I am serious and don’t call me Shirley.
It’s the first week of July and nothing has changed in the retirement plan industry. While June 30th has come and passed, assuming all plan providers that were covered service providers made their disclosures to plan sponsors, now what?
We never thought the earth would shake on July 1, even though fee disclosure is a seismic change in the industry. While it’s a seismic change, it will take months and years before we feel large tremors.
What are the tremors? Many plan sponsors (hopefully most) will take their fee disclosure and do their job by shopping the plan around. Of course, some will treat their fee disclosure like the map McCroskey gave Johnny in Airplane!
Steve McCroskey: Johnny, what can you make out of this?
[Hands him the weather briefing]
Johnny: This? Why, I can make a hat or a brooch or a pterodactyl…
Plan providers can use fee disclosure to their advantage as long as they have plan sponsors who either understand the nature of their duties to pay reasonable expenses or are willing to listen. Plan sponsors have to understand that overpaying for plan services isn’t like overpaying for that item at the department store, only to find out it was discounted 30% a few weeks later. Overpaying for clothes is a bummer, overpaying for plan services is a breach of fiduciary duty.
Further tremor will be by Department of Labor (DOL) enforcement. Don’t think the DOL implemented these fee disclosure regulations without intending some type of enforcement. Surely plan sponsors that aren’t doing their fiduciary duty by reviewing their fee disclosures or haven’t asked why they haven’t received their disclosures, will get penalized on a DOL audit. I am serious and don’t call me Shirley.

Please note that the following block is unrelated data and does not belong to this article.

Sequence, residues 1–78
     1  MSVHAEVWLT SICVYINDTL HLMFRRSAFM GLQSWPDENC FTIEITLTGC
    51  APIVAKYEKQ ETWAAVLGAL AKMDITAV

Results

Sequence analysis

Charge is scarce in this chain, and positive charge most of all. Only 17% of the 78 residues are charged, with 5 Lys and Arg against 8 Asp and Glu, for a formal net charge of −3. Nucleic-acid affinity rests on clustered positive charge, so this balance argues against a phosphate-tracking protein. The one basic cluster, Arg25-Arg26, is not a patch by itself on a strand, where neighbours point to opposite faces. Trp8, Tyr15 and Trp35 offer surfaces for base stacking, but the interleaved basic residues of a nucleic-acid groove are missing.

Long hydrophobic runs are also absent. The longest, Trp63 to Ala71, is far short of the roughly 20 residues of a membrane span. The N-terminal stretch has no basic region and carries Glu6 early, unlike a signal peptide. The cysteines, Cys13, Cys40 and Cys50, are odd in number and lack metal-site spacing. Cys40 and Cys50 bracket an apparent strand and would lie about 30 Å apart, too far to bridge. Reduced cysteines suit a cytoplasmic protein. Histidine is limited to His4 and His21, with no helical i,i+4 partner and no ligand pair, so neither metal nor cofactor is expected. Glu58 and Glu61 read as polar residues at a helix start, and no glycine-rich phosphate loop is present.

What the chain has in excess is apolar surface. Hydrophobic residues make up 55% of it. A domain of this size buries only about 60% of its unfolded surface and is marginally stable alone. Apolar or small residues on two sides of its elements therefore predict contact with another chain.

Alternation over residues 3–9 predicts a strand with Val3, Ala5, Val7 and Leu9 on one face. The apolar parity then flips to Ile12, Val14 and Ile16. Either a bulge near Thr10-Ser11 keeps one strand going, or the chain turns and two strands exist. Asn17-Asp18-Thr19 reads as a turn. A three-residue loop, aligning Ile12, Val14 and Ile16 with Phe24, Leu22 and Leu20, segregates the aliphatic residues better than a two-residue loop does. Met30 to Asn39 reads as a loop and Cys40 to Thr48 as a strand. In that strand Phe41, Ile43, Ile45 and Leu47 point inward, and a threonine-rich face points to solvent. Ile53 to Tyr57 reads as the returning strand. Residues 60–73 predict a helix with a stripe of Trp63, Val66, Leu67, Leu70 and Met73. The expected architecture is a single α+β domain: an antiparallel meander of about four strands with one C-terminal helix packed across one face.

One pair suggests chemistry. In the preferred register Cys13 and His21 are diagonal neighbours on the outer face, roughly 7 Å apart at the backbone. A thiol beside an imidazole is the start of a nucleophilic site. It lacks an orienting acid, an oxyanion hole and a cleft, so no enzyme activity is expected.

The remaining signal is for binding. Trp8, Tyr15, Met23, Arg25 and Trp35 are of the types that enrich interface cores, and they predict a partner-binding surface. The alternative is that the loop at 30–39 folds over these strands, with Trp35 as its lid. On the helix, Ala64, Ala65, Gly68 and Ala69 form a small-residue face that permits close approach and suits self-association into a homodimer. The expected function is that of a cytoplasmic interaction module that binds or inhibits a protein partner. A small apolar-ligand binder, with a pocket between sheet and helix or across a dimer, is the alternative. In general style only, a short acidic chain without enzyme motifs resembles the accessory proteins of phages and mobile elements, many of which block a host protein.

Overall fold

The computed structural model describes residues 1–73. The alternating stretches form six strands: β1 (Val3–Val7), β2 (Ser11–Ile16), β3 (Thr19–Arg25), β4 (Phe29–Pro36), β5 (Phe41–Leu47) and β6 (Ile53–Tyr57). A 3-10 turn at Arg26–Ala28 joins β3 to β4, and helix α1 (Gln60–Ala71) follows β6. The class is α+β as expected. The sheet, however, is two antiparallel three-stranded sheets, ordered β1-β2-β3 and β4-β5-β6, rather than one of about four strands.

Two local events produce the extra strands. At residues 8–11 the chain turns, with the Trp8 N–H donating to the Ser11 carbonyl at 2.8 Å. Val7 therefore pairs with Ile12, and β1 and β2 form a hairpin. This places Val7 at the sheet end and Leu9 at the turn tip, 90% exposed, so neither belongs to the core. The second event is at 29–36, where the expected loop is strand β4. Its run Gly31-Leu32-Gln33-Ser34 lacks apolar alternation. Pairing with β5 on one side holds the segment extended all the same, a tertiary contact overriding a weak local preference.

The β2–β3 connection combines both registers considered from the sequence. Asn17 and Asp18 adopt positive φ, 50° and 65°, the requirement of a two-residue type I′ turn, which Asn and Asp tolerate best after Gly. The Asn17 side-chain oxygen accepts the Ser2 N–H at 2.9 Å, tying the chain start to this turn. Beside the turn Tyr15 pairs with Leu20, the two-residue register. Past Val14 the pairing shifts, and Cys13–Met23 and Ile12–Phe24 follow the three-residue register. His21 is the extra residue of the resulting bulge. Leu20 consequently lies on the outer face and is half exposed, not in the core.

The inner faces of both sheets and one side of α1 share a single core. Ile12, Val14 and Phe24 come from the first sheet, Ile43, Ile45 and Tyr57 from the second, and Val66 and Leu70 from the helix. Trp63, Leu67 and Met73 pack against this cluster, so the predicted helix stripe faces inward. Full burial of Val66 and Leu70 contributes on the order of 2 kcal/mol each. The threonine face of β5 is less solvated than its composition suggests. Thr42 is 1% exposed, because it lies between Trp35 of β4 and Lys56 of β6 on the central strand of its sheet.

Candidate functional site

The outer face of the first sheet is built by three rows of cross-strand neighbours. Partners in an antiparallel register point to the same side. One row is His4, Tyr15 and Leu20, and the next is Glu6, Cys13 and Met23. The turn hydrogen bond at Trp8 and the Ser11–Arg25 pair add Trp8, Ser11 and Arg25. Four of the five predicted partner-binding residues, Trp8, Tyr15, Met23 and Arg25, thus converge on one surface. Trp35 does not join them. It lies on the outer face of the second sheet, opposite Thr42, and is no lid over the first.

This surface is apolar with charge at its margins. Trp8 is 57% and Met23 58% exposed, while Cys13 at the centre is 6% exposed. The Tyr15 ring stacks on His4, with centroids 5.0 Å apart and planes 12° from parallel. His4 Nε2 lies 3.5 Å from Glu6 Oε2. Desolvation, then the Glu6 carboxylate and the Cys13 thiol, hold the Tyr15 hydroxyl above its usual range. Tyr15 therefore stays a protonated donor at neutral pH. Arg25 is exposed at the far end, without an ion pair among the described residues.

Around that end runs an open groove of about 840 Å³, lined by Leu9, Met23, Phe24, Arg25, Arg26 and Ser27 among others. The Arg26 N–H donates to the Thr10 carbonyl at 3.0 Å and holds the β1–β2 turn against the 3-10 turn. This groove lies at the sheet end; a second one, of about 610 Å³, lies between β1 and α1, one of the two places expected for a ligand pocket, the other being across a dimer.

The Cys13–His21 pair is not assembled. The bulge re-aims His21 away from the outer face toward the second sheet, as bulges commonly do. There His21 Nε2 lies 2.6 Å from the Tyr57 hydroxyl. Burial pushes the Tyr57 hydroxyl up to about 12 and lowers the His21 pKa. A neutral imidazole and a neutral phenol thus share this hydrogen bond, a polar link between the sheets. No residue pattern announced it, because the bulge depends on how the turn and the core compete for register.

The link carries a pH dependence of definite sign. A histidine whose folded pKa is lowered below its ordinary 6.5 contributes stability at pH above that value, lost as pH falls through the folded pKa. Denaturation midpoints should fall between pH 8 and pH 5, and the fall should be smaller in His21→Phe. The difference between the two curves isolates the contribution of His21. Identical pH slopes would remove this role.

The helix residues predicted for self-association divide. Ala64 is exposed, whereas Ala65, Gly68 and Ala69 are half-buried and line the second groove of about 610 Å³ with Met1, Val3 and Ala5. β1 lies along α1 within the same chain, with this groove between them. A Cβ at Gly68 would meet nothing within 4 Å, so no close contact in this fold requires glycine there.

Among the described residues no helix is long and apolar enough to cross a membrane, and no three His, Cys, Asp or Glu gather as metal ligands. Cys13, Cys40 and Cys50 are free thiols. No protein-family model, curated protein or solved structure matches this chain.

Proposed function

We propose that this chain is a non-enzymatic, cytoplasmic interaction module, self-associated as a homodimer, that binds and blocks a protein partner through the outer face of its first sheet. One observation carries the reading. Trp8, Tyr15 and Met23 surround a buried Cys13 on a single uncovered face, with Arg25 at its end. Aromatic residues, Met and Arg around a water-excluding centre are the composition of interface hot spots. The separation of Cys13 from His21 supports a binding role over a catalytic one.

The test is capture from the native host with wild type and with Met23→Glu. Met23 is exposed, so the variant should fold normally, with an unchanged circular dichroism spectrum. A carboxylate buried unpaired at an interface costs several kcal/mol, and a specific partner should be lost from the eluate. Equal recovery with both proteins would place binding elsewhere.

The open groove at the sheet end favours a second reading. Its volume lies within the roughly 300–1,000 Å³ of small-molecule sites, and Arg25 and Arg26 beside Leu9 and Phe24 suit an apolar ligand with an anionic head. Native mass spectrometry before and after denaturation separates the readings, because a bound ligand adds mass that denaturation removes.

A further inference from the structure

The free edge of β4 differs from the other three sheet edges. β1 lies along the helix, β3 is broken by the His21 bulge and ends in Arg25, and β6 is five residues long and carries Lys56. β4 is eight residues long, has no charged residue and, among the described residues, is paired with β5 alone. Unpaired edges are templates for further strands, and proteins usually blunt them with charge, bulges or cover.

Getting plan sponsors to look at their disclosures and review those disclosures with other service providers will take some time, give it to six months to a year before you see any changes in the marketplace.
Fee disclosure is an excellent conversation starter, but it just starts a conversation. Plan providers should advertise the bigger picture; cost is a factor, but not the only factor. Consider quality of service and quality of price if you are a plan provider that can beat the current provider on both ends, go for it. I just think being cheaper isn’t a true value proposition for the plan provider and the sponsor.
Change is coming to the retirement plan industry and fee disclosure was just the first shot in a bid to improve transparency and improve the retirement savings of all plan participants.